Immigrant Nation: Racism, Multiculturalism, and Immigration in Twentieth-Century Britain (20 + 20 credits) 

In Brexit Britain, immigration remains the most controversial of subjects. Throughout the twentieth century people from around the world made the nation their home, often in the face of severe discrimination. Labour migrants came from Ireland, Eastern Europe, Africa, the Caribbean, and South Asia; while refugees fled wars, ethnic cleansing, and the Holocaust. This module will explore in depth the history of twentieth-century immigration to Britain, looking in particular at the issues of racism and multiculturalism. 

We will unpick the history of race as an idea, and analyse the different ways that migrants have been racialised. We will also track the evolution of British anti-racism, the growth of race relations, and the techniques employed by migrants to defend and develop their British lives. Although this is a British history module, it will consider all of these issues through a global lens, exploring British responses to the Holocaust and key postwar racial issues (like South African Apartheid, US segregation, and decolonisation). Throughout, the module will consider how British multiculturalism evolved, and will look at the impacts on Britain of hundreds of years of immigration.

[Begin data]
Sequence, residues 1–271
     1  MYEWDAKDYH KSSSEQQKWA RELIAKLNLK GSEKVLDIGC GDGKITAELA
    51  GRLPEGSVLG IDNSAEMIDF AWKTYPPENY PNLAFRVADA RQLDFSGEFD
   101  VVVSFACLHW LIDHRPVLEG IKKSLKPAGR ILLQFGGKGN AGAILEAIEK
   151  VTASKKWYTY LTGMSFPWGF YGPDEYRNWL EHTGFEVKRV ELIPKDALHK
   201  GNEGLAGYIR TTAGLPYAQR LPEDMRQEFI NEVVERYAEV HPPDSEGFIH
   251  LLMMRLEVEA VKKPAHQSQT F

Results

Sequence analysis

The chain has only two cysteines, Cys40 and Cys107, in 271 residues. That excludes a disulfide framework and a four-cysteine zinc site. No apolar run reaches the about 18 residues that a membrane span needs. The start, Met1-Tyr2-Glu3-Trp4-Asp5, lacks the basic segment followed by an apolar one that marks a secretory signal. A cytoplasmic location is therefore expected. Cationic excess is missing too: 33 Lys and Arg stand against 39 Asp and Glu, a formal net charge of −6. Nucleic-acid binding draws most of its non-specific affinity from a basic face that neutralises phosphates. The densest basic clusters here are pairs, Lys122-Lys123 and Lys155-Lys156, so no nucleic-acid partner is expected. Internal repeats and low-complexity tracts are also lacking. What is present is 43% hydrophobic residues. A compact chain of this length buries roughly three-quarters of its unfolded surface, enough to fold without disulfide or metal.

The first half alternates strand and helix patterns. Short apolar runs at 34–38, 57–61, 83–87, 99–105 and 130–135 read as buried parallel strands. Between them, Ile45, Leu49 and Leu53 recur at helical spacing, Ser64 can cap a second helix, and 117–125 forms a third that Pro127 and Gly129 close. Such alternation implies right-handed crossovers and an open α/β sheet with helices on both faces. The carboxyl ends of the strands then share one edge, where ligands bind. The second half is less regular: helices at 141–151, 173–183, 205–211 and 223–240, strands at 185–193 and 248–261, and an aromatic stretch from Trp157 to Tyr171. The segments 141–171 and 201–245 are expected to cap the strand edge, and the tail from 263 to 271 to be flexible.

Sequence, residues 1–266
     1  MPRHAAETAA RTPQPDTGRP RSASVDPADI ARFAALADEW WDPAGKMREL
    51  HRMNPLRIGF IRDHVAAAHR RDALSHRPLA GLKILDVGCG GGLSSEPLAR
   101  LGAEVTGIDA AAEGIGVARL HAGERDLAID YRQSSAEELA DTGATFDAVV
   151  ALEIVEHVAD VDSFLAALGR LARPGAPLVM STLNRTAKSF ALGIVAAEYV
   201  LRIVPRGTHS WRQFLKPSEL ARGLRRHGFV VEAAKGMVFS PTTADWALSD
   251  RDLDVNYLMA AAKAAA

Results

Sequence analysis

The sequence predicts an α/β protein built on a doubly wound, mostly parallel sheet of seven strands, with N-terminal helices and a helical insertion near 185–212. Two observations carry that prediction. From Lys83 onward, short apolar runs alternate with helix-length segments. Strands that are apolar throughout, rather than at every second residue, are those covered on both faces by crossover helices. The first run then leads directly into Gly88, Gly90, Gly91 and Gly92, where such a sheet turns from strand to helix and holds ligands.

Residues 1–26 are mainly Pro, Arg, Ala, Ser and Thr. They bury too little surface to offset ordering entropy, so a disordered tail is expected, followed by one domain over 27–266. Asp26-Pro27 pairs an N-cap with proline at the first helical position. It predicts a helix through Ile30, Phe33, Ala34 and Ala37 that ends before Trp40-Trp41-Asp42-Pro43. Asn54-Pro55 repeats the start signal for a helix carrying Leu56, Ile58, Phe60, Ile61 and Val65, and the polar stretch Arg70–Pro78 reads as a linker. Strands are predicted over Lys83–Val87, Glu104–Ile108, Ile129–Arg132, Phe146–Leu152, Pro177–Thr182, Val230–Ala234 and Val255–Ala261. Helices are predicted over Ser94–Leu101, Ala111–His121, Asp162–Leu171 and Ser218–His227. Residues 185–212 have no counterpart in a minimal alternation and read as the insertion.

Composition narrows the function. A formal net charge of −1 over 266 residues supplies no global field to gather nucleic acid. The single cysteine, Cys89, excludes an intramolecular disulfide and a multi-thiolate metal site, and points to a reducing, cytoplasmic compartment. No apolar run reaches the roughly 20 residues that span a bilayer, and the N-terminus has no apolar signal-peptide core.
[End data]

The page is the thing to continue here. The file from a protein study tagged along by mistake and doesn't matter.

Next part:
Empire-wallahs: India in the British Imagination (20 + 20 credits)

India was not merely a vast territory that needed to be conquered and governed but also an intellectual challenge that was to be puzzled over and solved. By the early twentieth century, India constituted more than two-thirds of the total population of the British Empire and about one-sixth of its land-mass. The ideas of India from – a land of fabulous riches, to orientalist fantasies of a mystical East – would change as the imperial project in South Asia was transformed over the course of the nineteenth century. Wonderment, curiosity and admiration rapidly gave way to contempt, hostility and suspicion. To Victorians, India was still a vast field of opportunity and adventure, though now typified by devastating famines, degrading poverty and scandalous social customs sanctioned by idolatrous or fanatical religious traditions. The central problem confronting colonial rule was the need to reorder this universe of complexity and render it intelligible.